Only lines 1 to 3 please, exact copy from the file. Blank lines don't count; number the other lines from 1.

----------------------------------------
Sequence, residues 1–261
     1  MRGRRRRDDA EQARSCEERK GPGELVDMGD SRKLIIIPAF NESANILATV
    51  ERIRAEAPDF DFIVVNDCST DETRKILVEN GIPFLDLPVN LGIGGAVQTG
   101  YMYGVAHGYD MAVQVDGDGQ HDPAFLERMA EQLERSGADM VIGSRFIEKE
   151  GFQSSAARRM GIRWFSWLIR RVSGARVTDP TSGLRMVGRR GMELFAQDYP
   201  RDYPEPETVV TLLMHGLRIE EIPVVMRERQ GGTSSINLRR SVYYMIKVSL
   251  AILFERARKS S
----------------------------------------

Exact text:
Sequence, residues 1–261
     1  MRGRRRRDDA EQARSCEERK GPGELVDMGD SRKLIIIPAF NESANILATV
    51  ERIRAEAPDF DFIVVNDCST DETRKILVEN GIPFLDLPVN LGIGGAVQTG